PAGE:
As always Sensei did many applications with weapons, manly daisho sabaki ones and insisted a lot on not grabbing. If you grab, he said, you are locking yourself and become unable to adapt to uke’s changes. Since he redefined for us at dkms the meaning of henka (beginning and end of change) I see it everywhere. But here it was making a lot of sense. Every minor change in uke’s intentions and actions is addressed immediately because we are not grabbing. Uke is the one grabbing himself. To me it looks like if we grab uke we shut down our ability to read the next step: grabbing reders you totally blind. Controlling uke with the body on the contrary gives you the eyes of the hawk. As hawk is taka (鷹) and gi (or waza – 技) is technique; the Takagi becomes a technique of a hawk.
Sword and daisho sabaki
The Daisho sabaki (大小捌き) forms add an infinite set of new possibilities. Sensei explained that the goal here is not to draw uke’s blade but to use it to trap his mind and apply basic controls with the body as if you would be using a simple stick. The blade still sheathed there is no risk for you, but in uke’s mind you are going to cut him soon and he freezes. This freezing created by his inability to read your intentions creates new opportunnities that you use to finish him. And this works also when more than one opponent is facing you. At one point, sensei applied the technique against three opponents. When weapons are flying in the air everyone tries not to be hit or cut and this creates another illusion for each uke. First they don’t want to injure one of their friends, and second they do not want to get injured themselves. At one point sensei was controlling effortlessly three opponents with swords on the ground. Each one trying not to die and having no understanding on where he was and what he was going to do. In this situation, the group disappears and each one thinks individually to escape from the situation. Everyone was confused… except for sensei.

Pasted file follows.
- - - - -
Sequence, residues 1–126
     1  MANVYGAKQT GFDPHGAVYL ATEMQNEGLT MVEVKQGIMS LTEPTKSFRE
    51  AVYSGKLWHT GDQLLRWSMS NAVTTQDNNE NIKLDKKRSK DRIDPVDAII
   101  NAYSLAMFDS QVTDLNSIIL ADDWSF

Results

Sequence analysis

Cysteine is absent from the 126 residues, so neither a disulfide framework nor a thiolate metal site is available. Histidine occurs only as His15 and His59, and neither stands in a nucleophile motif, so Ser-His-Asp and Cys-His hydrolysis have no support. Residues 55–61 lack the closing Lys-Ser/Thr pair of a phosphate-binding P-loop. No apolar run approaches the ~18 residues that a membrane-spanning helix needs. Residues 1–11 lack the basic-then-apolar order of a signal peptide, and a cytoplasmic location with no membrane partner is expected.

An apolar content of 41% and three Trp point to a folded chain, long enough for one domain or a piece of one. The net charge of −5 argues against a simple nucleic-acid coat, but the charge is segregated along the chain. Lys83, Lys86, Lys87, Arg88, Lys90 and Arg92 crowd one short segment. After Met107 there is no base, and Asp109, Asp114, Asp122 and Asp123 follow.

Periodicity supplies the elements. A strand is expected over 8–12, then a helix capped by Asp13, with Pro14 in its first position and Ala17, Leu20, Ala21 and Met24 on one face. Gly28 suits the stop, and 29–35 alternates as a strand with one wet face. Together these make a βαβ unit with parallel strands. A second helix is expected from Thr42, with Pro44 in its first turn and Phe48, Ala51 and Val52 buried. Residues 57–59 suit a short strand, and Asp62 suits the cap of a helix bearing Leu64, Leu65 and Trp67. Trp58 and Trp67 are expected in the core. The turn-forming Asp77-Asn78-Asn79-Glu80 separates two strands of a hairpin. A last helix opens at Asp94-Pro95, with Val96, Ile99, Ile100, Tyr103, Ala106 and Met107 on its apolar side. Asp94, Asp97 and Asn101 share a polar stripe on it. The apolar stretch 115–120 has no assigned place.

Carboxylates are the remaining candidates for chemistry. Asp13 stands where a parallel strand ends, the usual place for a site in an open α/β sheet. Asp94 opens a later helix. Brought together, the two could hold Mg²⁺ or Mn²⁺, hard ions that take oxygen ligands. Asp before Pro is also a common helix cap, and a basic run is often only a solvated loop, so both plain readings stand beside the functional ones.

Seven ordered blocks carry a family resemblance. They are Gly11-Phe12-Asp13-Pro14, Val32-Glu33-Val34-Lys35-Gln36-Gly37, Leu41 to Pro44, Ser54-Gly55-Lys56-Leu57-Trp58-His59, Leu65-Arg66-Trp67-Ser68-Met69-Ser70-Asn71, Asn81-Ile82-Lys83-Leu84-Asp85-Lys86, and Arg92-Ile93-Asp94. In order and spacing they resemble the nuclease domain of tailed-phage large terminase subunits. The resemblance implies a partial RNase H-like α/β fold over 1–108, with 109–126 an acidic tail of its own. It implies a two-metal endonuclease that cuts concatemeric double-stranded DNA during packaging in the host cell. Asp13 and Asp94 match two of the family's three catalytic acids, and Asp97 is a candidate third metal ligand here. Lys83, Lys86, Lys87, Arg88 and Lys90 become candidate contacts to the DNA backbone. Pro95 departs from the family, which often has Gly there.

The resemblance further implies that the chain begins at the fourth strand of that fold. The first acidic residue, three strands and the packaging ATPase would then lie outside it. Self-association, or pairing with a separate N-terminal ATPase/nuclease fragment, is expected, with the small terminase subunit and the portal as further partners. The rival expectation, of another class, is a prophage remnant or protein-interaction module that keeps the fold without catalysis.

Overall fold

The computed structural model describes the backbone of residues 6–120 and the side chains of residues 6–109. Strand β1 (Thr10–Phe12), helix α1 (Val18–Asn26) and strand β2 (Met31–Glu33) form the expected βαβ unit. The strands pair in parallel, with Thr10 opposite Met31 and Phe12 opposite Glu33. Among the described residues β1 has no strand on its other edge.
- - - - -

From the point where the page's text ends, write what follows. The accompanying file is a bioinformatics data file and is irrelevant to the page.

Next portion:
Jin is Hanpirei
Another interesting point sensei developed was that we must learn how to do the technique as tori and how to avoid the technique when being uke. Only when you are able to do this are you really in control of the technique. To illustrate this sensei played with the kanji for man, 人 jin, and he said that in this kanji there is one line splitting in two lines like the ura/omote or the yin/yang. This is to symbolize the ability to reverse any action and to transform defeat into victory. Everything comes in a flow and you keep reversing the situation by surfing on uke’s intention.This is why grabbing is out of the question (tsukamidori to grab – 掴み取り). Sensei’s movements were “hanpirei”, inversely proportional to mine. Grabbing the opponent would be stopping the flow of things and locking the brain; and leading to defeat.
It felt like a wave